“There’s going to be a lot of babies saved, a lot of women saved,” exclaimed Ugandan midwife Esther Madudu, after receiving a Solar Suitcase. Until last month, Esther had been conducting nighttime deliveries holding a cellphone in her teeth. When the Solar Suitcase was installed, Esther immediately put it to good use. Under the newly mounted LED lights, she resuscitated a preterm baby, sutured a mother who was bleeding, and demonstrated how easily she could now read the labels on medicine vials.“I can’t explain the happiness. It’s a different world. This is something we never expected in Tiriri, but we thank God that it has come.”
In December 2011, WE CARE Solar partnered with Safe Mothers, Safe Babies (SAFE), African Medical Research Foundation (AMREF), and UNICEF to deliver 21 Solar Suitcases to Ugandan health facilities. SAFE is an NGO working primarily in Eastern Uganda with the aim of reducing maternal and neonatal mortality through demand-driven, collaborative, sustainable programs. The community-based participatory health programs developed by SAFE provided an excellent context for our Solar Suitcase program in Eastern Uganda.
Armed with educational posters and suitcases full of tools and supplies, SAFE founder Jacqueline Cutts, Technical Director Richard Cutts, and intern Rachel Fisher met up with WE CARE Solar’s Kenyan engineer – Nya Abaji. This dedicated crew spent the next two weeks traveling around Uganda, conducting health facility needs assessments, Solar Suitcase trainings, and Solar Suitcase installations in hospitals and primary health care clinics.
The Solar Suitcases had an immediate impact, providing much needed light and power. At Iganga District Hospital, the Solar Suitcase was installed the same evening that a power outage interrupted a c/section. The surgical crew switched on the Solar Suitcase LED lights to complete the surgery and resuscitate the newly delivered baby. They then went on to provide care for three motorcycle accident victims.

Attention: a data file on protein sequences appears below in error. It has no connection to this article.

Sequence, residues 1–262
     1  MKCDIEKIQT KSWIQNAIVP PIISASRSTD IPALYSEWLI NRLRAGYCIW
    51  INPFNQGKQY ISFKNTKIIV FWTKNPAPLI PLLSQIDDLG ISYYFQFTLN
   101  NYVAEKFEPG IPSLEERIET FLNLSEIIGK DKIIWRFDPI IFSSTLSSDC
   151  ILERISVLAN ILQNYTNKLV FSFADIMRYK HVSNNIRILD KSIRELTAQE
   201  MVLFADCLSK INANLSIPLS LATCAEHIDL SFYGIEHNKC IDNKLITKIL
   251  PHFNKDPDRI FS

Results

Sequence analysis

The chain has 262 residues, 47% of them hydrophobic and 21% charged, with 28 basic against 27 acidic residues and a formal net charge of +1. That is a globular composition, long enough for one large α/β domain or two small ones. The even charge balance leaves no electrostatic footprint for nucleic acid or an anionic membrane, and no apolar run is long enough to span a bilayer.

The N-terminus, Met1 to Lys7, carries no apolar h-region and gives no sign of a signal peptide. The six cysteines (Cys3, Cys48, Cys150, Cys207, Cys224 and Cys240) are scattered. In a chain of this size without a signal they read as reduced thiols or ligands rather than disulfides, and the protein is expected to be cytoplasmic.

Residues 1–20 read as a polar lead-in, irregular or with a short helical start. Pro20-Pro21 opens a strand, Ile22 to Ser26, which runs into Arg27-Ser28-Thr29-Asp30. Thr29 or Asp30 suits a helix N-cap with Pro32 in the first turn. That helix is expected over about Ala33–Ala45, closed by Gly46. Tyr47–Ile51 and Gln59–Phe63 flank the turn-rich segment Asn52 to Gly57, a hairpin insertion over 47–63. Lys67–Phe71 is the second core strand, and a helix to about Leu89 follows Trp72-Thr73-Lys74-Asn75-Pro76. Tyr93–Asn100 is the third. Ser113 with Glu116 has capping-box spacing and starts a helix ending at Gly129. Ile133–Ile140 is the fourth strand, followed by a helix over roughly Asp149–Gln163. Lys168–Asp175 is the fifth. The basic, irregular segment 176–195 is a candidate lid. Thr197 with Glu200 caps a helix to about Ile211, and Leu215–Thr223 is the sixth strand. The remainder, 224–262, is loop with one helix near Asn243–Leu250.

Hospital power outages in Uganda are not an unusual occurrence. “There are so many stories about the power going off in operations, I can’t even tell them all, ” bemoaned Dr. Kato, the anesthetist at Iganga hospital. “When the power goes off during an operation, we use whatever is around – a torch. This is very stressful during an operation, and the light is not sufficient, but this is all we had.”
The Solar Suitcase provided much reassurance to the staff, who talked about the challenges suturing and monitoring patients without reliable lighting. A surgeon shared his perspective. “You can be operating and then power goes off. All of a sudden, total darkness. It can be very tricky, if you have just removed the baby, to tie the bleeders if power has gone off. But now that we have the Solar Suitcase, we can easily switch [it] on. Then we can continue with the operation.”
The interviews collected by the SAFE-WE CARE team echoed the stories we have heard in many other countries. Midwives and doctros workers cannot provide optimal care for mothers and babies when lighting is not assured. Procedures can be delayed or cancelled. Mothers in need of c/sections may be referred away from hospitals without power.
The importance of lighting was not overlooked by community members who would likely benefit from the Solar Suitcase. An expectant mother had this to say. “They have told me what you brought here—the Solar Suitcase, so that we have light at night, and now I know that my baby will be safe. I am so very, very grateful. So I thank you, madam. Thank you so much, thank you so much.”